CK (Conductive Keratoplasty)
Conductive Keratoplasty is a procedure using radiofrequency (RF) energy to reshape the cornea. CK is ideal for patients with presbyopia or farsightedness over the age of 40. CK procedures can improve your near vision, allowing you to decrease your dependency on reading glasses.
How CK Works
CK works by reshaping the surface of the eye, changing how light is focused. By shrinking corneal tissue with controlled release of RF energy, light is redirected to the retina. This reshaping technique steepens the cornea and allows for the correction of near vision. This RF energy is released in the form of a tiny probe that circles around the cornea to shrink small areas of corneal tissue.
Implantable Collomer Lenses (ICL) and Phakic Intraocular Lenses (IOL)
Ideal for patients who have very high prescriptions that are not able to be corrected with refractive surgery, ICLs are implantable contact lenses that are surgically implanted into the eye and allows for additional focusing power without removing any tissue. Unlike cataract surgery, the natural lens is preserved. ICL offers permanent vision correction.
Intraocular Lens (IOLs) are implanted after refractive lensectomy (removal of the natural lens) in order to correct for many prescriptions that are not able to be corrected with other refractive surgeries. Phakic IOLs are inserted in the eye and allow light to be directed properly onto the retina. An incision is made onto the eye, and the Phakic IOL is placed directly behind the iris.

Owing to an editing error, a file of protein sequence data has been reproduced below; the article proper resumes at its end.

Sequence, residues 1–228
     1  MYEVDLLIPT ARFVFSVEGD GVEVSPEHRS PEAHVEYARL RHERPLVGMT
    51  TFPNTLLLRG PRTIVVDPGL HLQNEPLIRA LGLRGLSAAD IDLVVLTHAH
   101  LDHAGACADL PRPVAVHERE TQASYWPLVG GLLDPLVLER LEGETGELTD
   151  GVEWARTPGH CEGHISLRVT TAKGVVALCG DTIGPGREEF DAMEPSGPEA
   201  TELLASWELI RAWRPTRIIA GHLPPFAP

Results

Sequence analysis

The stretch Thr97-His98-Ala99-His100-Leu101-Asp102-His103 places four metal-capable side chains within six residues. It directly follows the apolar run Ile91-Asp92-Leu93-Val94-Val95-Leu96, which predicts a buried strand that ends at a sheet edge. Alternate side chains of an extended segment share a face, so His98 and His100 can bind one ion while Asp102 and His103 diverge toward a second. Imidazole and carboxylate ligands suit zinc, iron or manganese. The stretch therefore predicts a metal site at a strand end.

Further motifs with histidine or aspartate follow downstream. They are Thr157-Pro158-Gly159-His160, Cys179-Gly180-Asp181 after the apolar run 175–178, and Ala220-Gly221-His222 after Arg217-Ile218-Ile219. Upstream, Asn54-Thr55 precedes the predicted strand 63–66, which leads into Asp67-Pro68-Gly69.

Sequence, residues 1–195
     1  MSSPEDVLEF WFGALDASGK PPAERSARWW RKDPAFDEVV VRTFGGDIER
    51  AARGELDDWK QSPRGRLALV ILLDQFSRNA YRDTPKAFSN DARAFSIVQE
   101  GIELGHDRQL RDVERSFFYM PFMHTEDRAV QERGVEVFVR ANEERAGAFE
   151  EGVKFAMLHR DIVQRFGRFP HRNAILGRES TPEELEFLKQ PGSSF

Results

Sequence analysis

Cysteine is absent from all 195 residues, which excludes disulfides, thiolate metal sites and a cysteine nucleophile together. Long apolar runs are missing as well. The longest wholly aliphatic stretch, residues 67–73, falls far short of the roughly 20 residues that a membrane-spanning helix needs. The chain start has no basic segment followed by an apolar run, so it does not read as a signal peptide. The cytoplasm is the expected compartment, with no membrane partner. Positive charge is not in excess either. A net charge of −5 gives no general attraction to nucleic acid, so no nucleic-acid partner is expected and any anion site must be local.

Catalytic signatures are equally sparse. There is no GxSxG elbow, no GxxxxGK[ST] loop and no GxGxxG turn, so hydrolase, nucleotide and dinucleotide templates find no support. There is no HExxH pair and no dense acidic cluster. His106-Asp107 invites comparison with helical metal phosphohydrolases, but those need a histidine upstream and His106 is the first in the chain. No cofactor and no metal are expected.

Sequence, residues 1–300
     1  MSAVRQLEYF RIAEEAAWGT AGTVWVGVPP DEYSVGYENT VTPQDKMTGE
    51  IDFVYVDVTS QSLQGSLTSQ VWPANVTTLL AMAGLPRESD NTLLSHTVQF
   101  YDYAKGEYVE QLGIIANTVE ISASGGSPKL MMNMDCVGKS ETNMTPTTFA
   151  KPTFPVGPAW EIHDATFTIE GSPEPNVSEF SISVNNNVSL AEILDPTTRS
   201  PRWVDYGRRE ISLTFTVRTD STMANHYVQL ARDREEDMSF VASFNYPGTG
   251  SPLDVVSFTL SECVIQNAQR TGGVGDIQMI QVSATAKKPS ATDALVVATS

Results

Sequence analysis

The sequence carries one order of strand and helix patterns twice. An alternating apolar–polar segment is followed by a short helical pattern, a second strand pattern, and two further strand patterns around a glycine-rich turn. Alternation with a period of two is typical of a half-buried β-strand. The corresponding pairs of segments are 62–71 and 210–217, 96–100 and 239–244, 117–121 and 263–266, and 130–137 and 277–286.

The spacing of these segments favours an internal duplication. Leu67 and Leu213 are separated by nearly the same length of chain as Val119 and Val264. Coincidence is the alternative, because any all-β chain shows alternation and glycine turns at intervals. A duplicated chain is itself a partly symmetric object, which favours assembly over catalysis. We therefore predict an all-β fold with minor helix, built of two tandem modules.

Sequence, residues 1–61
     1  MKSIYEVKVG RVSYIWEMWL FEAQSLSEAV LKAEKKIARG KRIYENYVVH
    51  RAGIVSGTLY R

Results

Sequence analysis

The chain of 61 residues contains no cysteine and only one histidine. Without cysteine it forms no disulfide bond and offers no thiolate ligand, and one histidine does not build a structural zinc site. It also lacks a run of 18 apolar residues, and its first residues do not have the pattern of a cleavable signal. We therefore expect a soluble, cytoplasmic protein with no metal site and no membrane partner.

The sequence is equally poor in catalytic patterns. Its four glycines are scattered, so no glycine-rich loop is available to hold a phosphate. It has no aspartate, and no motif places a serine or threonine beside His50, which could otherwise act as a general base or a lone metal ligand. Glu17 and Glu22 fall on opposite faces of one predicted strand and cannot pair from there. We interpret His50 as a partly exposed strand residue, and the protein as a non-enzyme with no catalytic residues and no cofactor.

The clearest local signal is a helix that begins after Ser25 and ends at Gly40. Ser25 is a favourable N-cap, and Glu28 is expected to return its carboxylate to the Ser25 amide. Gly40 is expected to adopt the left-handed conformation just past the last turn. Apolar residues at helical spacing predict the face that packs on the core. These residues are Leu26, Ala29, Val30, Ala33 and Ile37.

Vision Correction – Non Surgical
Orthokeratology (ortho-k) is a non-surgical procedure that can reverse the effects of nearsightedness on your vision. Basically, your eye doctor fits your eyes for special contacts made to exactly balance the specific error in your vision. By using a special machine, your eye doctor will “map” the surface of the cornea and use that data to fit you for a type of contact called a gas permeable lens. These lenses are harder, more rigid, and made out of a material that allows more oxygen to pass through the lens to the eye than the average soft lens. The rigidity of the lens is what makes this procedure more permanent than the normal contact lens fitting. The harder lenses actually alter the shape of the cornea, for a limited amount of time, so that you can actually go without them and still be able to see clearly. The procedure is done slowly, with incremental adjustments of the prescription, until the shape of the cornea is more like a normal, healthy eye, and contacts are no longer necessary. It is important to wear them frequently, however, because the reshaping of the eyes is temporary. They will revert back to the irregular shape that causes less-than-perfect vision if you are not diligent about wearing your lenses.
Generally, vision is improved and clear for about a day without the lenses, and after that the eyes will need to be re-shaped. New technological findings in the realm of contact lenses have made it possible for gas permeable lenses to be suitable for overnight wear, so ortho-k has surged in popularity as of late. Patients are now able to wear their contacts while they are sleeping and remove them during waking hours, living unbothered by some of the inconveniences of contact lenses.
The ideal candidate for ortho-k is a nearsighted person with a refractive error of less than -4 or -5, and little to no astigmatism. This procedure is not probably adequate for someone who wants to eliminate contacts altogether—he or she may be looking for LASIK surgery—but it is great for someone who cannot or is unwilling to pay for LASIK, but would like to achieve some of the benefits of lens-free vision.